Commit 7a0cab9b authored by simonpj@microsoft.com's avatar simonpj@microsoft.com
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Improve manual entry for binding lexically scoped type variables in pattern signatures

parent 0093a282
......@@ -4463,9 +4463,27 @@ already in scope (i.e. bound by the enclosing context), matters are simple: the
signature simply constrains the type of the pattern in the obvious way.
</para>
<para>
There is only one situation in which you can write a pattern type signature that
mentions a type variable that is not already in scope, namely in pattern match
of an existential data constructor. For example:
Unlike expression and declaration type signatures, pattern type signatures are not implictly generalised.
The pattern in a <emphasis>patterm binding</emphasis> may only mention type variables
that are already in scope. For example:
<programlisting>
f :: forall a. [a] -> (Int, [a])
f xs = (n, zs)
where
(ys::[a], n) = (reverse xs, length xs) -- OK
zs::[a] = xs ++ ys -- OK
Just (v::b) = ... -- Not OK; b is not in scope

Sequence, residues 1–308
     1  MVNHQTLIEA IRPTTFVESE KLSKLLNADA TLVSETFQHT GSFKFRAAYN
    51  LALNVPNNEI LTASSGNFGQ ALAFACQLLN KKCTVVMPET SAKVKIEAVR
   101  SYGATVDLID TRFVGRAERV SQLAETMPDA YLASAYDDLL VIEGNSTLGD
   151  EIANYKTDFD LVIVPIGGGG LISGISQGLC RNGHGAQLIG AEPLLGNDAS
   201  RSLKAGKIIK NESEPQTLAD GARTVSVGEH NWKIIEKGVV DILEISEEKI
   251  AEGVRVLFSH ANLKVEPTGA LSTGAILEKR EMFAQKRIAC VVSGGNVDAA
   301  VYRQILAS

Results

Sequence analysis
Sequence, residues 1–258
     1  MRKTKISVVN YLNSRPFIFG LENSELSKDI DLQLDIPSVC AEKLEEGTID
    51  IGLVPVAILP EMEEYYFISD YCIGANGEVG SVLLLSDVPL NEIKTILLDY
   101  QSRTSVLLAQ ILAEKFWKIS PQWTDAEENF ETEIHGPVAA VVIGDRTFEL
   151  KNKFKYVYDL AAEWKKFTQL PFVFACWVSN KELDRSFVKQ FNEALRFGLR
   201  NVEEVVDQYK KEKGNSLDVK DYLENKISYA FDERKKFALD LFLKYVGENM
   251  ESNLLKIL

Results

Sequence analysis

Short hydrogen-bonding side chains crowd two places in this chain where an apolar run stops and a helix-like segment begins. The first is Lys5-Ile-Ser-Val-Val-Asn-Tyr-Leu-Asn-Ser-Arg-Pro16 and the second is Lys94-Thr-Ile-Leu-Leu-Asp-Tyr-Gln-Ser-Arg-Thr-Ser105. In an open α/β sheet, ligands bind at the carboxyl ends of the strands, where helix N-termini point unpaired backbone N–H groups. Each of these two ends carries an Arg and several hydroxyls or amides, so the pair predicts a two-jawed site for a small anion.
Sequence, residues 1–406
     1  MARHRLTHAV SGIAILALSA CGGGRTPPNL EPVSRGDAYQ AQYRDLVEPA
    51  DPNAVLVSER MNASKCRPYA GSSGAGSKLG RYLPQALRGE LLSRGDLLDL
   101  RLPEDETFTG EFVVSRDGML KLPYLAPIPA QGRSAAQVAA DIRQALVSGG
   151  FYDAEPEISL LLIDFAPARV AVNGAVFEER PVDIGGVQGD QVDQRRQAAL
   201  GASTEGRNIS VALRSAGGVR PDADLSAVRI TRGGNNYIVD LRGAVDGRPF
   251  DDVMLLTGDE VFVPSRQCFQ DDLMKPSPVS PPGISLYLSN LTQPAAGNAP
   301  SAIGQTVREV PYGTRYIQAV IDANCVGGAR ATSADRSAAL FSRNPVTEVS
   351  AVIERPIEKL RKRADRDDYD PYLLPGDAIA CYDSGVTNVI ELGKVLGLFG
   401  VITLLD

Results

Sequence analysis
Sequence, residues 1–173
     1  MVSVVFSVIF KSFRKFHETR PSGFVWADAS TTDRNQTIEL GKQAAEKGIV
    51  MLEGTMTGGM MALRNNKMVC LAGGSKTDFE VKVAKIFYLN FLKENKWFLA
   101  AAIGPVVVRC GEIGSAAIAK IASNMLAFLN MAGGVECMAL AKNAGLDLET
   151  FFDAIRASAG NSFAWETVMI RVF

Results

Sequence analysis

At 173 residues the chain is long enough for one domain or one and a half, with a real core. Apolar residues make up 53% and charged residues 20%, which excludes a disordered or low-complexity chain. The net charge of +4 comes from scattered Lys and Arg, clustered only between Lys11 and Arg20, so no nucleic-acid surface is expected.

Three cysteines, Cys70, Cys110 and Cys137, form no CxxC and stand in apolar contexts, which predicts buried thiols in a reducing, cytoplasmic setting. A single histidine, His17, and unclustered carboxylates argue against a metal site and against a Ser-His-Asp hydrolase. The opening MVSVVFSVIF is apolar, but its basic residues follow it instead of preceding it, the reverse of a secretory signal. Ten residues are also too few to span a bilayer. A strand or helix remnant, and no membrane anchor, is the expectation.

</programlisting>
Here, the pattern signatures for <literal>ys</literal> and <literal>zs</literal>
are fine, but the one for <literal>v</literal> is not because <literal>b</literal> is
not in scope.
</para>
<para>
However, in all patterns <emphasis>other</emphasis> than pattern bindings, a pattern
type signature may mention a type variable that is not in scope; in this case,
<emphasis>the signature brings that type variable into scope</emphasis>.
This is particularly important for existential data constructors. For example:
<programlisting>
data T = forall a. MkT [a]
......@@ -4475,14 +4493,19 @@ of an existential data constructor. For example:
t3::[a] = [t,t,t]
</programlisting>
Here, the pattern type signature <literal>(t::a)</literal> mentions a lexical type
variable that is not already in scope. Indeed, it cannot already be in scope,
variable that is not already in scope. Indeed, it <emphasis>cannot</emphasis> already be in scope,
because it is bound by the pattern match. GHC's rule is that in this situation
(and only then), a pattern type signature can mention a type variable that is
not already in scope; the effect is to bring it into scope, standing for the
existentially-bound type variable.
</para>
<para>
If this seems a little odd, we think so too. But we must have
When a pattern type signature binds a type variable in this way, GHC insists that the
type variable is bound to a <emphasis>rigid</emphasis>, or fully-known, type variable.
This means that any user-written type signature always stands for a completely known type.
</para>
<para>
If all this seems a little odd, we think so too. But we must have
<emphasis>some</emphasis> way to bring such type variables into scope, else we
could not name existentially-bound type variables in subsequent type signatures.
</para>
......
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